– Sage & Roquefort Pesto with 1/3 cup fresh sage leaves, 3/4 cup parsley, 3/4 cup fresh spinach, 2 tbsp roasted walnuts or pecans, 2 cloves garlic, 3 tbsp olive oil, 1 – 2 oz. Roquefort or other strong blue cheese

          – Tarragon & Hazelnut Pesto with 1/4 cup fresh tarragon leaves, 1/2 cup parsley, 1 1/4 cups fresh spinach, 2 tbsp roasted hazelnuts, 2 garlic cloves, 3 tbsp olive oil, 2 tbsp grated Parmesan

          – Pacific Rim Pesto with 3/4 cup fresh basil, 3/4 cup fresh cilantro, 1 tbsp pine nuts, 1 tbsp macadamia nuts, 1 tbsp cashews, 2 garlic cloves, 1/4″ – 1/2″ thick sliced, peeled chunk fresh ginger, 2 tbsp olive oil, 3/4 tbsp toasted sesame oil, 2 tsp lemon juice, 1 tsp Tabasco

          1. David Funderburk - March 6, 2010 10:31 pm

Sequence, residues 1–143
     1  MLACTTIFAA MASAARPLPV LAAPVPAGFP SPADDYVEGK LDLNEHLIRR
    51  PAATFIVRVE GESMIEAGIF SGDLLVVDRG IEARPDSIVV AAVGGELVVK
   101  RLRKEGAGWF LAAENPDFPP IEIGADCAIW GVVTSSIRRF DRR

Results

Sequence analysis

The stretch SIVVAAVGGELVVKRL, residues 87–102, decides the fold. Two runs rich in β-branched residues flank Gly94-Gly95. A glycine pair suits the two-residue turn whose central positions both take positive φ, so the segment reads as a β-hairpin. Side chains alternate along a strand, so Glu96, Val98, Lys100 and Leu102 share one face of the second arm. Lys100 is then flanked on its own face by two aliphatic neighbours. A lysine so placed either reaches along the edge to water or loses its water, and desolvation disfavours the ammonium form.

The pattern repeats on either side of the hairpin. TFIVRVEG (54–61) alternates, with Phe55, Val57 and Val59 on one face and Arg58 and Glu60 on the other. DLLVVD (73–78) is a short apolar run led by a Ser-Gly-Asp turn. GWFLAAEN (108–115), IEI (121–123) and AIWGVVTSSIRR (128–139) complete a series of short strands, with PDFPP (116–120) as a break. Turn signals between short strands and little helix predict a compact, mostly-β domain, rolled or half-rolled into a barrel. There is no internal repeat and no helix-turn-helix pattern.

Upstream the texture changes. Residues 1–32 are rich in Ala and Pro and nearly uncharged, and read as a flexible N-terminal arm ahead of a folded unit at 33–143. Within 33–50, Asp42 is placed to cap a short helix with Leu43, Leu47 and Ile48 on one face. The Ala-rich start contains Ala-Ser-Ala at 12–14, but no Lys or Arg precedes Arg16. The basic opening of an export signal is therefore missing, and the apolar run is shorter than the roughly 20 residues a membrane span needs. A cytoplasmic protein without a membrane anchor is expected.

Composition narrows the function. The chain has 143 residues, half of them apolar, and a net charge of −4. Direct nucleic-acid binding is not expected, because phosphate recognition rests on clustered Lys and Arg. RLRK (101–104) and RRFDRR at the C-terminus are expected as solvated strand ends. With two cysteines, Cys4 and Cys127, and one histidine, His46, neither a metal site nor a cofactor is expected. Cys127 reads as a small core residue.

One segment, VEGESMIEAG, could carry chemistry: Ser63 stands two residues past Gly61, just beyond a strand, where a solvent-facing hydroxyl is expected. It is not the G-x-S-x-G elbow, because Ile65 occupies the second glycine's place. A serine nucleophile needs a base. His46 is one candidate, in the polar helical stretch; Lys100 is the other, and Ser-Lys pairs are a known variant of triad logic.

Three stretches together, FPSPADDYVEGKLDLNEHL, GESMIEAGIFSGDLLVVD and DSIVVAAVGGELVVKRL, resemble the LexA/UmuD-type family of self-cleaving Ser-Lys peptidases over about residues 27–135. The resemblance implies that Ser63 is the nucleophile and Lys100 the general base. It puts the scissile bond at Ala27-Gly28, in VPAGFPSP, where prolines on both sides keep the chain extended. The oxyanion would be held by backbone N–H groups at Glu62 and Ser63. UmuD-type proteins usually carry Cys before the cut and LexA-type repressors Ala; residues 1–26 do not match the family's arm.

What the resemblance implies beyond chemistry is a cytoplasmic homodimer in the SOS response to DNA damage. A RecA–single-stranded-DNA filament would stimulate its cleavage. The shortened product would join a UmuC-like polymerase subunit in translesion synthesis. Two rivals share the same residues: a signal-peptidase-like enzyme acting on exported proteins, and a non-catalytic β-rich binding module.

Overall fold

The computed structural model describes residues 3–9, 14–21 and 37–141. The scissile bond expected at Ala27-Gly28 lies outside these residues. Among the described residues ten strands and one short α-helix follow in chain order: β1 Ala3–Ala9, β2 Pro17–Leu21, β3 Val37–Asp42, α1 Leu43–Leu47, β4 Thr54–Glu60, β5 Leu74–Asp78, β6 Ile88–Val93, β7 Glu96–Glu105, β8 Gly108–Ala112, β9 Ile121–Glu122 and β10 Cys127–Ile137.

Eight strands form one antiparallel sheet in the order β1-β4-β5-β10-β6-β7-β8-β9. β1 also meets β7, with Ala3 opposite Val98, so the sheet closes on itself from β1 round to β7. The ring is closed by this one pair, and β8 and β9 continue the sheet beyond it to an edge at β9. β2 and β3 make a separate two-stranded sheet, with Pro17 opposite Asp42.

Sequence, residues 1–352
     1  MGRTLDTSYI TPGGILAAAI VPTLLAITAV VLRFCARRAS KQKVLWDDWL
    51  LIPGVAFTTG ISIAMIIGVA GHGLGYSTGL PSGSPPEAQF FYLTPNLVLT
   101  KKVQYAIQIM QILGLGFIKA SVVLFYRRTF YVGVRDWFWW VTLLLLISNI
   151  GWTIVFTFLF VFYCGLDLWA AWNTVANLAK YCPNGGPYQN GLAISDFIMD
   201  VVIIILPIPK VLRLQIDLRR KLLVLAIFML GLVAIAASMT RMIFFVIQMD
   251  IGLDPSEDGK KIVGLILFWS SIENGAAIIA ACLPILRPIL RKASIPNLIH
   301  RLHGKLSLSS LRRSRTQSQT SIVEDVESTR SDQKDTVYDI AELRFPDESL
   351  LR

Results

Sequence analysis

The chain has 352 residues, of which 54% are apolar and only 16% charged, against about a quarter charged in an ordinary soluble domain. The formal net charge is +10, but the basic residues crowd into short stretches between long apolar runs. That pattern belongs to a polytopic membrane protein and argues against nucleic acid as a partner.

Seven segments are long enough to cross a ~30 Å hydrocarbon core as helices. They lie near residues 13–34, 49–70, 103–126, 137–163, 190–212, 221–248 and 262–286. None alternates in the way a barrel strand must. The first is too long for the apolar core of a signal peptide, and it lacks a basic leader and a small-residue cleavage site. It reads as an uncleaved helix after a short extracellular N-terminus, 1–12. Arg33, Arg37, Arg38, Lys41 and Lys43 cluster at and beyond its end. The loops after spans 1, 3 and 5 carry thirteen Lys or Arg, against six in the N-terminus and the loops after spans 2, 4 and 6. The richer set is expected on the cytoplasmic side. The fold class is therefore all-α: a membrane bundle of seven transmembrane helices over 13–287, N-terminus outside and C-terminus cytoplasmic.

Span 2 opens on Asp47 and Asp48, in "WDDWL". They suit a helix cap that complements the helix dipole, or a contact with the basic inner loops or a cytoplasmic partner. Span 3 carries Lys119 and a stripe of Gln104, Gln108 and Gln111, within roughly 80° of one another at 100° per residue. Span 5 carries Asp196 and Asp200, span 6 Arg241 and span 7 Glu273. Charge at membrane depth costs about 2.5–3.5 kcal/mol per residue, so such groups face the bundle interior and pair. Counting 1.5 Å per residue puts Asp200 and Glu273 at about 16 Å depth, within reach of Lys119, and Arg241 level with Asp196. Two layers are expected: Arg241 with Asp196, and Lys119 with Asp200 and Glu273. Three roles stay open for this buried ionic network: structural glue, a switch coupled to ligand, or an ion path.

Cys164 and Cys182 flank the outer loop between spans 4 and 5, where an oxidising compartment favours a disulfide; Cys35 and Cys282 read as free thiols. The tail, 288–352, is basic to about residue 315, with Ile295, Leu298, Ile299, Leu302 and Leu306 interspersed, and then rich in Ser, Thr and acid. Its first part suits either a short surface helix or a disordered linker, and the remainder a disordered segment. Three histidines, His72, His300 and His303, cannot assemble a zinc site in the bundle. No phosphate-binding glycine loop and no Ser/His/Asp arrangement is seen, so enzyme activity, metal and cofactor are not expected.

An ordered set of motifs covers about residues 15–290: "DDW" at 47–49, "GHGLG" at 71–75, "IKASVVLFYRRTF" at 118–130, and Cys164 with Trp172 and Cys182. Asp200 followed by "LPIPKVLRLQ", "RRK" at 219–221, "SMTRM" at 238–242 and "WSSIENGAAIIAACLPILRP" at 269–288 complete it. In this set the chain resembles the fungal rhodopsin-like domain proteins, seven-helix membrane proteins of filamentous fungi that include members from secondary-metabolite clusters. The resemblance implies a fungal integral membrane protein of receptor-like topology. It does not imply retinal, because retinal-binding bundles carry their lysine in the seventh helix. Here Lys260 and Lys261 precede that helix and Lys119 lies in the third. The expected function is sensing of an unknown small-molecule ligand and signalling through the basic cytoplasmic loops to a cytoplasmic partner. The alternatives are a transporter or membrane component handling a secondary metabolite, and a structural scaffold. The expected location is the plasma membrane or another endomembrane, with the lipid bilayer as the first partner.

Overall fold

Sage & Roquefort! These are some pretty high brow pestos. I’ll eat it.

            How about:
            – Chickweed Pesto with 2 cloves of garlic, 3 Tablespoons of pine nuts or sunflower seeds, 1/4 tsp. salt, 2 packed cups chopped fresh chickweed, 1/2 cup olive oil, and 1/2 cup Parmesan cheese

            Make a bunch, freeze it in ice cube trays, pop ’em out into freezer bags, store, and thaw when you need ’em. What am I talking about? It’s chickweed! Just eat it all and later you can go pick some more and make it fresh.

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  6. Susie LeMarquand - August 26, 2011 11:38 am

    I am looking for an old Kitchen Gardener recipe that used orange, red and yellow bell peppers, some fresh tomato and garlic and was finished with some crumbled feta cheese that ended up making it own sauce for serving over linguine.
    Can anyone help?

  7. Kathy McDowell - December 20, 2011 12:40 am

    I am hoping with the resurgence of home food growing and farming this magazine will come back. It is one of the finest magazines ever published.